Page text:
Office 365–Service health and service trust

Microsoft has been accused of many things over the years but one thing they cannot be accused of is hiding the status of their online services behind walls of secrecy.  In fact, if anything, they make it all very visible, warts and all.  This is not at all like some of their competitors …

Most Office 365 users are not aware of the Service Health feature but anyone who has Office 365 admin rights should know about it as it really helps when users ask you about issues they might be having.

The Office 365 admin center is available to anyone with admin rights and it is accessed by clicking on the Admin icon from the “waffle” in the upper left corer of the Office 365 screen.



Once you are in the Admin Center the main dashboard display is a summary of the current status of your Office 365 service (this screenshot is from my tenancy):


As you can see, it is a pretty concise view of what is happening inside my tenancy and Office 365 itself.  As you can also see, Office 365 is telling me that there is some sort of issue with Exchange.  Clicking on the down arrow beside the Service degraded notice provides more information.


And the view details provides even more information.


The information provided describes the exact issue that is being worked on as well as what the expected time to resolution or next update will be.

If your users are complaining of issues with any of the Office 365 services the first thing you should do is check in with the Admin center and see if there are any issues noted.  It can really be a time saver if you know what is going on before your users do.  If the issues users report line up with what you are seeing in the portal then you know (and can let users know) that the problem is being worked on and that fixes should be forthcoming.  There is little point in going through the process of opening a service ticket only to find that it is an already known issue that is already being reported through the Service health dashboard.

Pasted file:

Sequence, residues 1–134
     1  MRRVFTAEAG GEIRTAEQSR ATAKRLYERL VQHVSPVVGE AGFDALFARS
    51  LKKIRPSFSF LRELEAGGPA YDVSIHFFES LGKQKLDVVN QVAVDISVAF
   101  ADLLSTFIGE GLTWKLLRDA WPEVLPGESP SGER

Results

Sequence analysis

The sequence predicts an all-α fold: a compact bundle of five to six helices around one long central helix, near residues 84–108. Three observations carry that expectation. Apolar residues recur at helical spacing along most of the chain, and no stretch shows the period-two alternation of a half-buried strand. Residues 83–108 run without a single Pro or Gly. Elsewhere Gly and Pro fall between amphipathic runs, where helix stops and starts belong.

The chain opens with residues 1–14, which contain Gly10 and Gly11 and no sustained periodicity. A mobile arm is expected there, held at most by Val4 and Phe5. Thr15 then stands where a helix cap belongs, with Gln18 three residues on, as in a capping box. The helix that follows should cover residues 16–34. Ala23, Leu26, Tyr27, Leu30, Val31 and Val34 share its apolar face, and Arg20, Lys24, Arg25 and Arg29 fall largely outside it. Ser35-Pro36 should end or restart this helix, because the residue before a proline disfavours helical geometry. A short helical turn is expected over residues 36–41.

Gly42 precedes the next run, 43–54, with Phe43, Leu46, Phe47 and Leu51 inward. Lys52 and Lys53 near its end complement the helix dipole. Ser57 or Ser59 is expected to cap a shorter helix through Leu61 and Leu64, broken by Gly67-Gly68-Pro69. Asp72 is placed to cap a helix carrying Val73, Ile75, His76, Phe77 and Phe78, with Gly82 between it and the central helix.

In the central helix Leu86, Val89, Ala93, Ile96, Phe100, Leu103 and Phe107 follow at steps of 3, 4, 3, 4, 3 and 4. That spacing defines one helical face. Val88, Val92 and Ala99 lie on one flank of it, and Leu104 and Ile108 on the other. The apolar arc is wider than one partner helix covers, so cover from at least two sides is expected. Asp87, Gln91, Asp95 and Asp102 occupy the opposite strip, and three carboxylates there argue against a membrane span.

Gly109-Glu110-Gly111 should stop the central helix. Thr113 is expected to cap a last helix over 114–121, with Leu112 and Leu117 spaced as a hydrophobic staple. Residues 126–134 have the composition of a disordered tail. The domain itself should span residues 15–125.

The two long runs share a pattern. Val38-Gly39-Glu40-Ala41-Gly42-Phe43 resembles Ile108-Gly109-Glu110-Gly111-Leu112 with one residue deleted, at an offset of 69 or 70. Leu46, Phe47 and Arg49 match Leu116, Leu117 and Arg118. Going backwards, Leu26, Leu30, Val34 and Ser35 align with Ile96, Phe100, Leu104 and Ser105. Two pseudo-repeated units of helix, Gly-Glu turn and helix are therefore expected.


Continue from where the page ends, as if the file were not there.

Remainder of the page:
Microsoft is very serious about letting you know if there is an issue regardless of the severity of the issue.  I have seen all services showing an alert of some kind yet not seen any real impact on service for me or my users.  Frankly, I’d rather see them showing me the “warts” than hiding behind a wall of secrecy because it helps to build my trust in the service and in the “honesty” of the service provider.  Using a Cloud service such as Office 365 is predicated on a strong trust relationship between you, as the consumer of the service, and the service provider.  After all, you are already giving up a measure of (perceived) control by handing over your users to the Cloud service rather than using your own on-premise service.  By doing so you are tacitly admitting (and hoping) that the Cloud service will be at least as good and as reliable as the service would be if you were providing it yourself; hopefully it will actually be much better.  If you can’t trust the service provider to keep you in the loop as to the service status then what in hell is the point of going to the Cloud?  There is nothing worse than being on the receiving end of angry phone calls and emails from users who can’t access a service while you are as much in the dark as they are.

The Service overview dashboard in Office 365 is your first and best information point for all things to do with Office 365 status, make a point of checking it on a regular basis.  There is a lot of information provided above and beyond just the Current health status.  Useful stuff!